|Cat Sidh, Flickr|
At Jacobin, Ed Burmila writes about grade inflation as a symptom of the neoliberalization of education, pointing out that there is no group within contemporary higher ed for whom there is much benefit to a lowering of grades, and, indeed, there are many groups for whom a lowering of grades is at best inconvenient and at worst utterly undesireable.
This seems to me an accurate assessment, but it misses any sense of opportunity. Burmila laments the loss of meaning in grades and seems to yearn for a time when teachers were tough and gentlemen preferred Cs. There is an assumption within what he writes that grades and grade-point averages can be useful and meaningful.
I don't entirely deny that grades can mean something. But what they mean is obscured by the simplification of a grade: one instructor's C is another's B is another's D. Grades provide an alibi for us, they let us pretend we're seeing an assessment when what we're seeing is something so simplistic and reductive that it has just as much chance of being a distortion as it has of being a reflection of a person's accomplishment, knowledge, skills, or abilities.
Nobody wants to lie to students about their achievements or give them a false sense of accomplishment, and we should work hard to avoid doing so. Pretty much everybody wants students to build on their strengths and recognize their weaknesses so they can work on improving. In my experience, grades aren't a particularly effective tool for that. I've spent a lot of time and effort over the years trying to make grades meaningful, and I continue to do so, because grades are a fact of academic life for most students, teachers, and institutions. But again and again I find that the less I stress out about grading, and the less I think of grades as much of anything other than a very blunt, imprecise, summary measurement, the better I teach and the better my students learn.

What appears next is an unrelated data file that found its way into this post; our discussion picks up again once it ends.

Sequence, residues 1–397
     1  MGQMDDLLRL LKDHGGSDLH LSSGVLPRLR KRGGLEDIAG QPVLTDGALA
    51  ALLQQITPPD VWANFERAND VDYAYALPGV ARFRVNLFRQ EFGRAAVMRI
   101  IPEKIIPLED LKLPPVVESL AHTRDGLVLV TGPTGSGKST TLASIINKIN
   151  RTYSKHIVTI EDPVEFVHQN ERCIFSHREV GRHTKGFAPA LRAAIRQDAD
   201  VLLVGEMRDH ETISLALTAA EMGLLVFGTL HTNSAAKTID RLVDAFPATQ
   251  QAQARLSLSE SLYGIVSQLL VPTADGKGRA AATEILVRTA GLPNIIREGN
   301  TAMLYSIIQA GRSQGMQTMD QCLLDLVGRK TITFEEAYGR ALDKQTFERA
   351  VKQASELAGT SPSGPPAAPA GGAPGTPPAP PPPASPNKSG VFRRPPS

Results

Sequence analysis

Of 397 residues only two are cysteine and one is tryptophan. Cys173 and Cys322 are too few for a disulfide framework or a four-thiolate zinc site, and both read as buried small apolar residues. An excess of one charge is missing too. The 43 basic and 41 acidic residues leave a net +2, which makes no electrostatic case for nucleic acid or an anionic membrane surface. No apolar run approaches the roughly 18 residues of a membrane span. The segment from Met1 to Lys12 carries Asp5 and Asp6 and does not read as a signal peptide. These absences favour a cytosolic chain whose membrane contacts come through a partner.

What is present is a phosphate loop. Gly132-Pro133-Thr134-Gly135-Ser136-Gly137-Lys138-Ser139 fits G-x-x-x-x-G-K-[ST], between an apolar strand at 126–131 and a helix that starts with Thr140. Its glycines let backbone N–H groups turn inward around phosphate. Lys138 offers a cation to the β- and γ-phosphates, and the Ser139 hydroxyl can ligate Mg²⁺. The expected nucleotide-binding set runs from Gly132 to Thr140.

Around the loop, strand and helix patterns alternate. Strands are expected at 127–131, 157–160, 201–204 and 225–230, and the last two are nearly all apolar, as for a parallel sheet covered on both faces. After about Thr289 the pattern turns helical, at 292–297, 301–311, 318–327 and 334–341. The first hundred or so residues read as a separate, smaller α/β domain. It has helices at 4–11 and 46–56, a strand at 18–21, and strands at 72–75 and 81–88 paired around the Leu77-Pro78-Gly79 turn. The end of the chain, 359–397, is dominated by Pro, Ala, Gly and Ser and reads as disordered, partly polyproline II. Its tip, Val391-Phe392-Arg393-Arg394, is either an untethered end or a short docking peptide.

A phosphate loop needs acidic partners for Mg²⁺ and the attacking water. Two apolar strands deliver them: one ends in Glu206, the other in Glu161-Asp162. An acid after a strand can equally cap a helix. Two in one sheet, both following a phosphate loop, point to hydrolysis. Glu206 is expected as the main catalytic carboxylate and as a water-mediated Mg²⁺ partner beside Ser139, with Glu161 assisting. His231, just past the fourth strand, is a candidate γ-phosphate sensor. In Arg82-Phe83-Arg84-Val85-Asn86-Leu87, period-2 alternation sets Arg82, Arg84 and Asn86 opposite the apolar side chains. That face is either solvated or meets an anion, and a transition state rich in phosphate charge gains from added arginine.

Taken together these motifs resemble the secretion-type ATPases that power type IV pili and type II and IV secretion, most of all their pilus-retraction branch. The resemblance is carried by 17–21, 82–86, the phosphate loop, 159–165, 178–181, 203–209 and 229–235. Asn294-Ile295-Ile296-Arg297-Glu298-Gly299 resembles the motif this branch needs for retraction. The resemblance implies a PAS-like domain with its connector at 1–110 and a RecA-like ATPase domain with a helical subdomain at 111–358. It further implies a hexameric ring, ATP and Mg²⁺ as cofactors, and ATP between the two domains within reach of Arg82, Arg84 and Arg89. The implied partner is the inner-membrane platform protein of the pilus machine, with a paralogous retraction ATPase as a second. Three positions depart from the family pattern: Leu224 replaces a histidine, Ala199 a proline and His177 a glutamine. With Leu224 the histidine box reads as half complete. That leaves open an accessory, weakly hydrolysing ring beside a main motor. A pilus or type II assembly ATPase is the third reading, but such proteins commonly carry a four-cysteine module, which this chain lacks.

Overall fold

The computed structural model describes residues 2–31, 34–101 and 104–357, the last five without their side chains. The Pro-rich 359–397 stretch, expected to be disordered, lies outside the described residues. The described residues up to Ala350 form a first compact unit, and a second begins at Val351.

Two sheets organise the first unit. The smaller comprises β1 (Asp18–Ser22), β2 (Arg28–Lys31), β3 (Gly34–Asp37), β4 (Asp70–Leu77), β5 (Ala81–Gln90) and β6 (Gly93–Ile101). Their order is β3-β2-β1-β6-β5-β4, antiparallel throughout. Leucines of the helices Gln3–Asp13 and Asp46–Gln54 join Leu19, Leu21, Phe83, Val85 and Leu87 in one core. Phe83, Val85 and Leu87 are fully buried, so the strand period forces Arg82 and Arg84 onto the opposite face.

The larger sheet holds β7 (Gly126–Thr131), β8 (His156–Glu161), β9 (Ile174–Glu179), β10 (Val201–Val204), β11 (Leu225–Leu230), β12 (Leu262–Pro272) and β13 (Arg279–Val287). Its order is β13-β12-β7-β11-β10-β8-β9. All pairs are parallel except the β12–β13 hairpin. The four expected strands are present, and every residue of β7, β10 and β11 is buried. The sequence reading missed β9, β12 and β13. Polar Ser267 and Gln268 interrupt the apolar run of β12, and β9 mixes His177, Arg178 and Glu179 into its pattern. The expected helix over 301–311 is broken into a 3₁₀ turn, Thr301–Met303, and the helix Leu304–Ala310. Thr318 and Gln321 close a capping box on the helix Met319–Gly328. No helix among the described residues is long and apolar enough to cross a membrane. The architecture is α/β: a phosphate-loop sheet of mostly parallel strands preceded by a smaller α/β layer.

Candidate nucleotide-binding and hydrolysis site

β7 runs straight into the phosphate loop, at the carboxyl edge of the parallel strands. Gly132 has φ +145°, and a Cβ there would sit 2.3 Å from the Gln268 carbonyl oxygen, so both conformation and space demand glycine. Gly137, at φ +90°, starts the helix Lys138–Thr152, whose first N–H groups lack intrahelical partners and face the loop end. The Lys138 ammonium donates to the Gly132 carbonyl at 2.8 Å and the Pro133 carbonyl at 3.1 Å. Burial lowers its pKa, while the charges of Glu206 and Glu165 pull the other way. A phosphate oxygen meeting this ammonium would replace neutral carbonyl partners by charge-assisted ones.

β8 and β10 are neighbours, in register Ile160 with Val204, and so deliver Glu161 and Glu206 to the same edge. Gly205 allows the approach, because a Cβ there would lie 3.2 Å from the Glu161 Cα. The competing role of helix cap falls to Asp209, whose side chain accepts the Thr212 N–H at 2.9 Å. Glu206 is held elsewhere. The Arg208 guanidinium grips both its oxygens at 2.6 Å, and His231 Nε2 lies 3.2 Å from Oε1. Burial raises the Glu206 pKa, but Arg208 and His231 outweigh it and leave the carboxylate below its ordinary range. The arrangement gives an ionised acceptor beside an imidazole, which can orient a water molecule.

Students' anxiety about grades is, to me at least, a far greater impediment to learning than grade inflation. Indeed, one of the reasons I am now a passionate convert to the church of grading contracts is because it gets rid of that anxiety: "Do this, this, and this," the contract says, "and you are guaranteed a grade of X." I'm not an anything-goes teacher. You can't pass my class and do no work. (It's rare that a term goes by when at least one student doesn't get an F from me. I also feel utterly confident that just about any teacher on the planet would give an F to those students, unless it was the teacher's policy, as it is for some, to give a grade of "incomplete" and let the student have more time. I don't believe in that model because it puts more work on the teacher, and anyone who is not salaried is volunteering to do unpaid labor later, so I insist on ending my class at the end of the term unless there are huge extenuating circumstances like medical emergencies, etc.) But I don't see any reason we shouldn't admit that grades are one of the least meaningful, least communicative ways of measuring accomplishment.